Wales went into the game fearing a second whitewash in four years but instead produced a performance full of energy to secure a deserved victory that hauled them above Scotland into fifth place.

"We are a work in progress, it's our fist Six Nations together and it's a tough tournament," Jenkins told a news conference.

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"We've been on the wrong end in four games but we've learned lessons and brought them all to this game today. We are delighted to end the season with a win. It was a special place here today, that support there helped us to a great result."

Jenkins said that the criticism he had received during the tournament was only to be expected in such a rugby-mad country.

"It means so much in Wales, we've been under pressure and rightly so but that win is going to do us a lot of good," he said.

"The forwards have been growing through the tournament, I really felt they came of age today and that will be a major boost to their self-confidence. The result shows that team has great potential, we can look forward to Australia in May and the build-up to the World Cup."

Stand-in flyhalf James Hook was the Welsh hero with 22 points and Jenkins said of the 21-year-old: "He's proved to everyone again what a talent he is - he switched jerseys today and put in a huge contribution to getting that result for us."

Hook, moved from centre after the withdrawal of captain Stephen Jones, said he had been dreaming the day would go as it did but played down his own role. "It's always easier behind a pack like that," he said.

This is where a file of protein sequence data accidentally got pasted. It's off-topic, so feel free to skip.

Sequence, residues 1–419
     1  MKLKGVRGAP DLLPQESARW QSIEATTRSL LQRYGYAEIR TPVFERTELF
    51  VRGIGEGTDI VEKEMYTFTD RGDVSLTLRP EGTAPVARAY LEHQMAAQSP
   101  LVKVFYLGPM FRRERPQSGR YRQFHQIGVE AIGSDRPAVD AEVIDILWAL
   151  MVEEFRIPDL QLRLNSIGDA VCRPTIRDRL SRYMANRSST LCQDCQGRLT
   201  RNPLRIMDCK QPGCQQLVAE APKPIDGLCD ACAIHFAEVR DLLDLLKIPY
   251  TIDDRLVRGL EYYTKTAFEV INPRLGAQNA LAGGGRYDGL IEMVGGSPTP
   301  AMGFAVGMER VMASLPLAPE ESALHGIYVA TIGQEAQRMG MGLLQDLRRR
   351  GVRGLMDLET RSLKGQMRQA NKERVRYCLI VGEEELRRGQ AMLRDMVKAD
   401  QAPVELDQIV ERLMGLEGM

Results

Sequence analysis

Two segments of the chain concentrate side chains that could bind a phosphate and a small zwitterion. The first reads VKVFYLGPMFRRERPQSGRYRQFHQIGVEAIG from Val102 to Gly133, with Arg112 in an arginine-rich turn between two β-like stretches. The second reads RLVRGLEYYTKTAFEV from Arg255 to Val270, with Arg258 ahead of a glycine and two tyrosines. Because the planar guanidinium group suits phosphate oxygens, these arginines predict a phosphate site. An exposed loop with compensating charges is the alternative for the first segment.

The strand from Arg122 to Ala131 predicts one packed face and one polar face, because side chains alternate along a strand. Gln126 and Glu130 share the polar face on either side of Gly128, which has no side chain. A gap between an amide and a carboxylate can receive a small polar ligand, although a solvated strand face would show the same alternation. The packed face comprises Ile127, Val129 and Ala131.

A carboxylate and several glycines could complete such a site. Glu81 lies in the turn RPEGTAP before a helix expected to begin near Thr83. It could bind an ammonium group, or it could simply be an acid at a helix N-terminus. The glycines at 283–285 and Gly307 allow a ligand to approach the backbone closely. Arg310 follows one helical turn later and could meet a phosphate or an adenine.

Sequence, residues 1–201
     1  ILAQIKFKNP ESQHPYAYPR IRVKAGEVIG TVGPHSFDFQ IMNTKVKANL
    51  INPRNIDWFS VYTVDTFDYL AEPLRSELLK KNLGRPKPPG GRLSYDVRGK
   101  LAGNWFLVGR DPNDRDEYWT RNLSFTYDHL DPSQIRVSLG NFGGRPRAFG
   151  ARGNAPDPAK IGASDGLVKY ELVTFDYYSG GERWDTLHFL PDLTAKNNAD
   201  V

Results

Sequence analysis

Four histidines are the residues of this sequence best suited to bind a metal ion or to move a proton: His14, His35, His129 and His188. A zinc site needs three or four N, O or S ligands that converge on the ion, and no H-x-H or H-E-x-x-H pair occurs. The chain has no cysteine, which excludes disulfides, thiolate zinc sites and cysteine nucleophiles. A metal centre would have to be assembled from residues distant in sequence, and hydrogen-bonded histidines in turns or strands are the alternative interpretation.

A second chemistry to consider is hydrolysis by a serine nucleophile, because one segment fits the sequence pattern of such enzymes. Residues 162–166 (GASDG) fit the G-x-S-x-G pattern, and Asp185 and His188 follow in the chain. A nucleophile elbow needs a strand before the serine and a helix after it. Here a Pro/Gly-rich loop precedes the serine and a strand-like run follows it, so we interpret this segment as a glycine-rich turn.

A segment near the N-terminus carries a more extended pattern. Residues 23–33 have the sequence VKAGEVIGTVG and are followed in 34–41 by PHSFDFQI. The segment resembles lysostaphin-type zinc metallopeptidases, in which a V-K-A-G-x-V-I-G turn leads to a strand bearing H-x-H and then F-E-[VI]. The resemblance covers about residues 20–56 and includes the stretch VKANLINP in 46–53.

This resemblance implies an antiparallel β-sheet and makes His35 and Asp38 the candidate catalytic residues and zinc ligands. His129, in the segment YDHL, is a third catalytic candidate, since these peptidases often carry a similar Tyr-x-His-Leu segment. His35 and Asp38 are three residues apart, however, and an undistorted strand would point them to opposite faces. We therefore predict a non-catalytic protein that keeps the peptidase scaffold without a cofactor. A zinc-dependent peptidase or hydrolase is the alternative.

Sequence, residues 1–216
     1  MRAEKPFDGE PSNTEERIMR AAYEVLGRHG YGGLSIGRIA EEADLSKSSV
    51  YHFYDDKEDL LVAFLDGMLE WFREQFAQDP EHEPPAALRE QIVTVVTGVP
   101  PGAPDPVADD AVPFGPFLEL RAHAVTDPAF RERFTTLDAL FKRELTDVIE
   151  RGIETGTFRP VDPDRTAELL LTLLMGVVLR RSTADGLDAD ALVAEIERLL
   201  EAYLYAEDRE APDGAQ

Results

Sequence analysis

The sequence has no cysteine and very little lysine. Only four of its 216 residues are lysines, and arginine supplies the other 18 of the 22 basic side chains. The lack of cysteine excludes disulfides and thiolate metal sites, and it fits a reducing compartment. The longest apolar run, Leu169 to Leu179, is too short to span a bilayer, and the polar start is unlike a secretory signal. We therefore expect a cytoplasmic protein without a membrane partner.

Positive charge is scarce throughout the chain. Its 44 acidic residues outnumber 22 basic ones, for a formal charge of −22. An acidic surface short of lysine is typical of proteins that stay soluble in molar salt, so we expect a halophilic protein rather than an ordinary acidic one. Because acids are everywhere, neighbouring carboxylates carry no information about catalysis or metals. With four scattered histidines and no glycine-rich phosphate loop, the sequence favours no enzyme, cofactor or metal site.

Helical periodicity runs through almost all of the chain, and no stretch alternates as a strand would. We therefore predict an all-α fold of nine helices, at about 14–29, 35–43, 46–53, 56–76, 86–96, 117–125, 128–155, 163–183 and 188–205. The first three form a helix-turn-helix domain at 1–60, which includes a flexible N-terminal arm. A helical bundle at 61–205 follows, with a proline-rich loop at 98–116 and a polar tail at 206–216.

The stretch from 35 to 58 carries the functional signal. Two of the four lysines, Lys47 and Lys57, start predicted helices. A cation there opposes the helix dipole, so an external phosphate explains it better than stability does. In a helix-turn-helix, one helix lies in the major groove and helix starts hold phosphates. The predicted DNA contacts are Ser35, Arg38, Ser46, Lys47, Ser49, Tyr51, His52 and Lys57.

"I missed a couple of kicks and I was a bit disappointed - but I was chuffed to put us two scores clear."

As the Millennium Stadium throng set off to into the night to celebrate the win, captain for the day Gareth Thomas sounded a note of caution. "We need to be realistic," he said.

"As a nation we'll go crazy after that but as a team and management we need to look back and realise that there have been some really bad times too.

"It's great to finish on a high but we have to look at the negatives and analyse them."

England coach Brian Ashton said his team had been expecting the Welsh onslaught in the opening 20 minutes but said he had hoped his players would manage it better.

"We were almost blown away but I thought the players showed a lot of resilience to get back into it," he said.

"But they (Wales) managed the game better than we did, you can't deny that.

"It's a fair old cauldron out there, it will serve the young players well for the future."

Asked to explain how his forwards had failed to gain control having performed so well a week ago, he said: "We dominated a French pack last week but to back up after six days is pretty difficult.

"You have to give credit to the Welsh pack but we didn't get it right up front so we were playing on the back foot."

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